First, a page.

The Russia-Ukraine Conflict: Tensions De-escalate, For Now

Zelenskyy Calls for a Revamp of the Minsk Agreements, Seeks West Support
Ukrainian President Volodymyr Zelensky (5th L) inspects at the southern frontline positions near the border of Crimea which was illegally annexed by Russia, in Ukraine on April 27, 2021. (Getty)

April marked seven years since the Russia-backed separatist conflict broke out in eastern Ukraine. Despite countless ceasefire attempts and much international outrage the conflict remains unresolved, the kinetic warfare is actively ongoing, and Russia continues to support the separatist forces economically and militarily. CFRs Global Conflict Tracker estimates that the war in Donbas has already produced more than 10,000 civilian casualties and 1.5 million displaced people. The total number of casualties, so far, is estimated to be over 14,000. This conflict, coupled with the illegal annexation of Crimea by Russia in 2014, has made Ukraine more fractured and vulnerable than ever. The country’s Euro-Atlantic aspirations remain on hold, while it struggles to find stability amid countless economic and political crises.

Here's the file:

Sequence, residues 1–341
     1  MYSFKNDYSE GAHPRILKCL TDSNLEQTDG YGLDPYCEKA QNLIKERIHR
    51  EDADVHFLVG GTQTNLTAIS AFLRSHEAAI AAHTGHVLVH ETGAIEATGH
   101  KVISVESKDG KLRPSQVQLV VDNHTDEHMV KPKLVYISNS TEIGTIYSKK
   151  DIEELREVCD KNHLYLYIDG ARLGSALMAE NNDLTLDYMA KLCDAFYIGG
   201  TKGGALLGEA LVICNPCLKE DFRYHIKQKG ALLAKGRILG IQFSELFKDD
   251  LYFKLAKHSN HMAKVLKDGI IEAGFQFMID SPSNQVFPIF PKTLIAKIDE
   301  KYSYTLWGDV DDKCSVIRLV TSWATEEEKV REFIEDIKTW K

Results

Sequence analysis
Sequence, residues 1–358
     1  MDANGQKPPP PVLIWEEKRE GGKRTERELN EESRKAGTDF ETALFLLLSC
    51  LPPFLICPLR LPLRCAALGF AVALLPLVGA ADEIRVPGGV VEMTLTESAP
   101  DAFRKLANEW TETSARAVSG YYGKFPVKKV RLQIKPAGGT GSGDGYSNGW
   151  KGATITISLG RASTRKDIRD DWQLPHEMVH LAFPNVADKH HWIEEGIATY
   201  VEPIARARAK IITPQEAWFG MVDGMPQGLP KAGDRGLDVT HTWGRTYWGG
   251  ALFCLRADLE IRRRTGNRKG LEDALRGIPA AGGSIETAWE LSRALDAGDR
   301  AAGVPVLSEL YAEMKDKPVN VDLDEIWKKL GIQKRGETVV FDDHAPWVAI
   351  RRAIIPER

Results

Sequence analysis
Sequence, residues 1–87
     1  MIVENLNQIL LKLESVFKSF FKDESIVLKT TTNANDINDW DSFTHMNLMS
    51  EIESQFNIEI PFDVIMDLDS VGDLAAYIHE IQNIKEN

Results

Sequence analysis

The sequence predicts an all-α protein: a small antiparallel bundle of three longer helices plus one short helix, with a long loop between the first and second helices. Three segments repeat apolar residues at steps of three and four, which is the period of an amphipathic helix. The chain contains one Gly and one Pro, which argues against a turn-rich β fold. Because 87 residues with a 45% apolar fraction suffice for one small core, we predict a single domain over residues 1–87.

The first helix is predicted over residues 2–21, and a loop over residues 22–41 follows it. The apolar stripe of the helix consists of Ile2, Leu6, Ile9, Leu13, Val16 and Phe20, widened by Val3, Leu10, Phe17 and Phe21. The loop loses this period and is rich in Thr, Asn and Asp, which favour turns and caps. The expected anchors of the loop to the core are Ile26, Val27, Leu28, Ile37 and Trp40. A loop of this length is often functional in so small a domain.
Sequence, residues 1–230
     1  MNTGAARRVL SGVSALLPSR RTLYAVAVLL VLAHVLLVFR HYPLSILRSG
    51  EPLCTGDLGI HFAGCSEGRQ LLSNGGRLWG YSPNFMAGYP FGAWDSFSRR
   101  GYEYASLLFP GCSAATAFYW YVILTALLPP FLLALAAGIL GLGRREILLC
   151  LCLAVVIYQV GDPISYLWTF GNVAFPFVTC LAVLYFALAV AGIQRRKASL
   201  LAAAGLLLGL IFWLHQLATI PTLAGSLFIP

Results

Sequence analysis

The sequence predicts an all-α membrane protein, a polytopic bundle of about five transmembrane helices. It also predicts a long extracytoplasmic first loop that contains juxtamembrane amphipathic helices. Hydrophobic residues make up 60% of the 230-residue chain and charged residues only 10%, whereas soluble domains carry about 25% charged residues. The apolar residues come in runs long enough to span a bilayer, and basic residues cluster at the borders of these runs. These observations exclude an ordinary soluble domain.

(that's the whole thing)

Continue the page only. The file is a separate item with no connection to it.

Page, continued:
For over seven years Moscow has used its involvement in the war as one of the major instruments of influence over Ukraine and the Black Sea region, and as a significant tool for powerplay in its competition with Europe and NATO. While the war is typically at a stalemate, Moscow tends to dial up the heat at the Russia-Ukraine border during strategically convenient times, helping escalate the conflict and create further tension which will merit the west’s reaction and involvement. This in turn drives up Russia’s self-perception as an important global player, and helps cement its place at the top of strategic adversaries’ list for the transatlantic community.

In April Russia began a significant military buildup in Crimea and at the border with Ukraine, placing an estimated 100,000 soldiers and carrying out massive military exercises. This move alarmed Ukraine and gave way to speculations that a Russian invasion was imminent. The president of Ukraine, Volodymyr Zelenskyy, renewed his efforts to bring international attention to the conflict. He even invited President Putin to meet with him one-on-one at the frontlines of the war. Putin declined the request, but said he’d be happy to meet with Zelenskyy in Moscow.